Saturday 9 June 2018

Snake Eggs, Perennial Herbs, Polyculture Gardens. Week 9 - The Polyculture Project

It's been a productive week in the gardens with perfect growing conditions - some heavy rains in the afternoons and evenings, followed by bright and warm mornings. 

 We're splitting our time between the market garden and the new garden Ataraxia,  the perennial polyculture trial garden  and carrying out maintenance task such as mowing, weeding, some late herb and vegetable plantings and manually removing pest eggs such as Pieris brassicae - Large white. 

Daniel found what we think are most likely a clutch of Grass Snake - Natrix natrix eggs under the mulch in one of the beds. Great to see the garden is attracting these snakes. They are good pest predators in the gardens and keep the Marsh Frogs quiet! Eggs are laid in June and July. The female may lay up to 40 leathery matt-white eggs, often choosing compost and manure heaps and the eggs measure from 23-30 mm. The hatchlings emerge in autumn.  

Some of the snake eggs under the mulch (Daniel's hand for perspective)   

Over in the market garden , the vegetable polycultures are coming on well 

We're planting blocks of potatoes in trenches under sunflowers that we'll mound up as per traditional method. We have another block of potatoes we're growing in deep mulch     

A raised bed in the forest garden that we use for propagating hardwood cuttings from Red and Black Currants and for dense sowing of carrot seed.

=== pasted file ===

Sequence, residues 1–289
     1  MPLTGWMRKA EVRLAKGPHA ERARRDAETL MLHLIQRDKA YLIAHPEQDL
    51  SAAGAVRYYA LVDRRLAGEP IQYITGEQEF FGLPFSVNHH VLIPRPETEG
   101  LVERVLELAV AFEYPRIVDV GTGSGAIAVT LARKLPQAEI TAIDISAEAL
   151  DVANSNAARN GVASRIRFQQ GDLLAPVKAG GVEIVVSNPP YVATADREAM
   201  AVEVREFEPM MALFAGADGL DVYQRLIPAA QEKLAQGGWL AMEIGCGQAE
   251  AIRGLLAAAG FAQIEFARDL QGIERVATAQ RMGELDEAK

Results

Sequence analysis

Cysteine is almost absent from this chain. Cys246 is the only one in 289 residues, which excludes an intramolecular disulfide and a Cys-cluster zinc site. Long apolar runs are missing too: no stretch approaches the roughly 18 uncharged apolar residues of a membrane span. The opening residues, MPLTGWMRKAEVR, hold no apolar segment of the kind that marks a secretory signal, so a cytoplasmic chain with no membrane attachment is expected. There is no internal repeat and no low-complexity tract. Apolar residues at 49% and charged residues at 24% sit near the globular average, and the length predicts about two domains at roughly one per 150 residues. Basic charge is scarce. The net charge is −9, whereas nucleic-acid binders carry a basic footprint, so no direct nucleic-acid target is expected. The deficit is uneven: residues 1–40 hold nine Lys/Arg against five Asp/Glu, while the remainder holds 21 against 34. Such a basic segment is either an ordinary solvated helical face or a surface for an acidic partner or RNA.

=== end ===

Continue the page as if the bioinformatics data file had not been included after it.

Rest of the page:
Perennial vegetable  Allium cepa proliferum - Tree Onion with bulbils growing on the tips. 

We went to see  Dimo from Wastenomore farm last week to have a look around his place, where he is predominantly making composts from the leftover material from the local lavender and rose oil industry and growing cultures of various EMs - Effective Microorganisms. You can find out more about Wastenomore here.

Perennial Herbs 

Levisticum officinale - Lovage makes a great companion plant and noted for attracting wildlife specifically Ichneumon wasps, which parasitize the larvae of herbivorous insects.   It likes it fairly moist, so we have it planted along irrigation channels among fruit trees and bushes. It's incredible how large these plants get, easily reaching 2m in height.

Sideritis scardica - Ironwort is flowering for the first time. This plant is endemic to the Balkan Peninsula, where it is found at high altitudes in rocky montane areas. It is under intense collection pressure from the wild, with increasing demand for its medicinal value. The plants has historically been a valuable medicinal plant. The name 'Sideritis' derives from the Greek word “sideros” meaning iron; in the ancient past, Sideritis was a generic reference for plants used to heal wounds caused by iron weapons during battles. It is also commonly used to make an excellent 'mountain tea (Mursalski Tea) and is rich in flavanoids, terpenes and essential oils, iridoids, coumarins, lignans and sterols.
To order this plant please contact us

Verbascum ( common name - mullein / velvet plant) is one of my favorite wild herbs around here. As well as perennial there are biennial and annual plants in this genus. It's a great plant for dry gardens and is very much appreciated by ornamental gardeners as well as herbalists. Mullein tea is a traditional treatment for respiratory problems, such as chest colds, bronchitis and asthma. Leaf poultices have been used in the past to treat bruises, tumors, rheumatic pains and Mullein flower oil (made by steeping the flowers in warm olive oil) also has been used for treating hemorrhoids, as well as earaches.

There are over 40 species of Verbascum in Bulgaria and 20 of these are protected according to THE BULGARIAN FLORA ONLINE. I've not attempted to identify species but I think even within species there is much variation in how the inflorescence looks. There are also a few mutated plants around such as the "Verbascum hand" pictured below.

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